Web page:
BWW Interviews: For Chelsea Williams, A Big, Crowded Greek Wedding
After playing Sophie in the Las Vegas production of Mamma Mia! last summer, Chelsea Williams rejoins the touring company, which performs for Broadway San Diego from April 3-5, 2015. Thrilled to be back on the road with a starring role in the eighth longest-running show in Broadway history, the Boston-educated Williams dishes about singing, dancing, and her identification with her spirited character.
EM: Tell me about your background. When did you first start to sing? Was dancing also a part of that equation?
CW: I grew up a total athlete. I remember when I was very young, my parents wanted to expose me to any extracurricular activity in which I might have expressed the slightest interest. I sampled ballet and the clarinet, both of which I tried and didn't have the attention span for, and was even offered to be taken to community theatre auditions. I was petrified and refused. T-ball and the soccer field were the places I felt like I could shine. Singing came later, though it was always a part of me. I sang in many choral groups from middle school to college, and somewhere along the way picked up voice lessons, where I finally gained the courage to audition for a production in high school. Everything moved pretty fast from that point on, sports slowly dropping by the wayside and acting taking its place, leading me to musical theatre training in college.
EM: You went to school in Boston. What about that city makes it a great place to study and pursue your education? Did you enjoy being there?
CW: Boston will always be one of my favorite cities because of its big city history, architecture, and opportunity combined with the small town vibe of its people. It felt like the perfect stepping stone for getting to New York. I found that I was able to gain experience outside of the classroom in Boston's regional theatre scene, which expanded and reinforced the training I was getting in school.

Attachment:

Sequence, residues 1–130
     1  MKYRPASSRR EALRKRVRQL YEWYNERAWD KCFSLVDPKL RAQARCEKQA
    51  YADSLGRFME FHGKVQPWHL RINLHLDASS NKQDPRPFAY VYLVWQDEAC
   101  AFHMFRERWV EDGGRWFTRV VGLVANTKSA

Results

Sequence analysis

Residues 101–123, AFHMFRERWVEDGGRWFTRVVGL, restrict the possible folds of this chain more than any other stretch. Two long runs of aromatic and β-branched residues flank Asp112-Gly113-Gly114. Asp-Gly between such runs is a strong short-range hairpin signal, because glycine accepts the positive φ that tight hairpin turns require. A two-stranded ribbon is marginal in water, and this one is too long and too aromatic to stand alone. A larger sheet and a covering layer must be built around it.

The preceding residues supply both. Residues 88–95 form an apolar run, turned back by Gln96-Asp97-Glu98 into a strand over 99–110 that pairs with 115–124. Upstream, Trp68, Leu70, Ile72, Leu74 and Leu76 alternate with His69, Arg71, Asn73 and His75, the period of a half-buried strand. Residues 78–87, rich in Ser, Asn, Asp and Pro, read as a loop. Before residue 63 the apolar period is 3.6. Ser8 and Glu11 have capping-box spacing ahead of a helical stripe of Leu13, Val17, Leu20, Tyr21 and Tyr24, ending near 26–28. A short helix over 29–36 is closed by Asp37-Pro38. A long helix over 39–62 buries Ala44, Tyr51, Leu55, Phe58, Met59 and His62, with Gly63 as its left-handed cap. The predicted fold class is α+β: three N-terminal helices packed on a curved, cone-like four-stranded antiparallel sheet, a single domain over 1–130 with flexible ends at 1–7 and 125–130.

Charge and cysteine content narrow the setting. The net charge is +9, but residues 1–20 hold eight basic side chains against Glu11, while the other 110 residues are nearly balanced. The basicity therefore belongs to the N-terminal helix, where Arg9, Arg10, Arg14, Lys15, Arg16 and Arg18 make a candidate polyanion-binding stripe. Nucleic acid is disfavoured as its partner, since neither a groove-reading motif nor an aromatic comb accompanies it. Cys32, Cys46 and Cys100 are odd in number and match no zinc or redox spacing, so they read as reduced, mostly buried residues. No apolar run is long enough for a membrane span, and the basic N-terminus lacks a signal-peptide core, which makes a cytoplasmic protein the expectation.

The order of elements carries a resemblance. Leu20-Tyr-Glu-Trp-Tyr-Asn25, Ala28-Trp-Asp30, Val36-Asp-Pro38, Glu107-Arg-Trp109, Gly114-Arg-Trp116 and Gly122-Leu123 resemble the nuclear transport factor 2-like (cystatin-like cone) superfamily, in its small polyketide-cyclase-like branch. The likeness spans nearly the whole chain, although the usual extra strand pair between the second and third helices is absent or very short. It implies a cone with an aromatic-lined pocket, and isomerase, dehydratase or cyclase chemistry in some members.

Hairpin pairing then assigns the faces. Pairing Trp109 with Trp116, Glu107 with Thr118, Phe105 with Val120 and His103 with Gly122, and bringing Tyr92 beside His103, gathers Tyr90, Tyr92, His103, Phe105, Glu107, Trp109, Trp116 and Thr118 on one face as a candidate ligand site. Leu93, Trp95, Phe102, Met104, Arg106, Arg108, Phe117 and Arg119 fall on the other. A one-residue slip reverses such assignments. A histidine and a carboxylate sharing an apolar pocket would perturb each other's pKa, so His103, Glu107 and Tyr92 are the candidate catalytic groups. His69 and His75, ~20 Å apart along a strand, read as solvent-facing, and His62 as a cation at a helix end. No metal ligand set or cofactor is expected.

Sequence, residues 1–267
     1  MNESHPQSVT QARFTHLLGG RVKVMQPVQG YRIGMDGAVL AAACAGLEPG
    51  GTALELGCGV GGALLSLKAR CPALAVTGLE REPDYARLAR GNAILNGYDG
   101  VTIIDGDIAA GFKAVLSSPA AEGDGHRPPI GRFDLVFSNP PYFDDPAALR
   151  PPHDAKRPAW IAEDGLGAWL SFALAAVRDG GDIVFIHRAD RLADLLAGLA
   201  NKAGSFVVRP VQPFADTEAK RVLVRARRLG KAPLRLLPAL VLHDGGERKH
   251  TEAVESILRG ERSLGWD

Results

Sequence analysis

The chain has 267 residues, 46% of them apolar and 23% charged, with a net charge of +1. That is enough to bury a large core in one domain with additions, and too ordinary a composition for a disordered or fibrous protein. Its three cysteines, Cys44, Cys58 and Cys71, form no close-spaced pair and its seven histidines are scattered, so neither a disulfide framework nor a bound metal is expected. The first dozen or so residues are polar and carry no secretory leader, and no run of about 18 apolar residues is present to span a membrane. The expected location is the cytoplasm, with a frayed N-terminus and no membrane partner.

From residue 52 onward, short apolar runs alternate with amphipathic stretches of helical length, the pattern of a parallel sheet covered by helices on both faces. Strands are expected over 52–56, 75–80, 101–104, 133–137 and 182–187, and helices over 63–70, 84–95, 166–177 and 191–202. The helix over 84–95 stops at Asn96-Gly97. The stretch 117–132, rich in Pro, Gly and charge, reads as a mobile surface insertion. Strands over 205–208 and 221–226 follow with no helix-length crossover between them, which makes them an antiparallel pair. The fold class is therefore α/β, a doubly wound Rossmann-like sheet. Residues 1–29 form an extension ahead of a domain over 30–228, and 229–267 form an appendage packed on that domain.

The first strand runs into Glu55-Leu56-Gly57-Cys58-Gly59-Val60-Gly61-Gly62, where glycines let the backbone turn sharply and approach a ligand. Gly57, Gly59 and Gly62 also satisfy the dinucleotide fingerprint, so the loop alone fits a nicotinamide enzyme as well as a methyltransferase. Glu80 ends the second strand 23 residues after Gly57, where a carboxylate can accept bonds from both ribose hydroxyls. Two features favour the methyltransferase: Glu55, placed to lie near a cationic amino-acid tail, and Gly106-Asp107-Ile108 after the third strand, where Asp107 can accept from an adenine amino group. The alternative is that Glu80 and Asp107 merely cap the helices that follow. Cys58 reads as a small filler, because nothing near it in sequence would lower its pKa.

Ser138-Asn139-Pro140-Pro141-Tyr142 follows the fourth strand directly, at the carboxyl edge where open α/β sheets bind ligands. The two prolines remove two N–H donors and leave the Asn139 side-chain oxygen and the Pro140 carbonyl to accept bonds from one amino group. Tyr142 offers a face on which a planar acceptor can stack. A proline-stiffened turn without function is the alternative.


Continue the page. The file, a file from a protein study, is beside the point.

EM: What's it like to play a starring role in a musical that's been a smash hit on Broadway and on the silver screen?
CW: It's an absolute dream to play Sophie. I know that there may be pressure to appear as she does in the movie or in the many stage incarnations seen for years on Broadway and the road, but I really take delight in making her my own character. When I started rehearsals, I had never seen the show before, and that gave me an interesting perspective that is (hopefully) completely my own.
EM: Tell me about your character, Sophie, and her relationship with her mom and possible fathers. Is there a moral to the story?
CW: Sophie is an energetic spirit with an earnest heart. She's had an interesting upbringing without a father, though there's never been a lack of love from her mother and fiancé. That puts her in a tough position with the one who raised her and the one she loves the most - how do you explain to those people that there's still a piece missing from your life? She does the best she can as a 20-year old bride-to-be with a wild plan unfolding before her eyes. To me, the moral lies in understanding and communication. Though the paths she and her mother take are seemingly unconventional to one another, they have to find peace in knowing they've always done the best they could, and that is enough.
EM: Could you comment on the family values portrayed in MAMMA MIA?
CW: I believe that MAMMA MIA! shows the immense love that exists in families who may be different from what we expect in a functioning family dynamic. It takes work and compassion for any relationship to function well, and though Sophie grows up without a father, she comes to understand the choices made by her mother.
EM: Which of ABBA's hit songs do you enjoy singing the most?
CW: Thank You For the Music. Hands down. I find the sentiment of that song so beautiful.
EM: There is a lot of talk about love and romance in MAMMA MIA. Do you believe in love at first sight?
CW: Personally - no. I fall in love with people's minds and hearts, so what I see upon first meeting them doesn't mean much. Shoes in a store window, on the other hand...
Photo Credit: Kevin Thomas Garcia